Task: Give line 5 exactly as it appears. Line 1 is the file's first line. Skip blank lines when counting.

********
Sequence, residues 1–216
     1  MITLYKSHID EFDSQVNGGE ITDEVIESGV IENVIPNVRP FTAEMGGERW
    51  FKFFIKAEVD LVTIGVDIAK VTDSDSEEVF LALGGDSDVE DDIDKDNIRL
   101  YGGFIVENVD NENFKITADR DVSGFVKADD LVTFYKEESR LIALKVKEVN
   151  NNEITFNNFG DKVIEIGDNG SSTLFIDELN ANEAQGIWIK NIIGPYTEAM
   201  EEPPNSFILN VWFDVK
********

   151  NNEITFNNFG DKVIEIGDNG SSTLFIDELN ANEAQGIWIK NIIGPYTEAM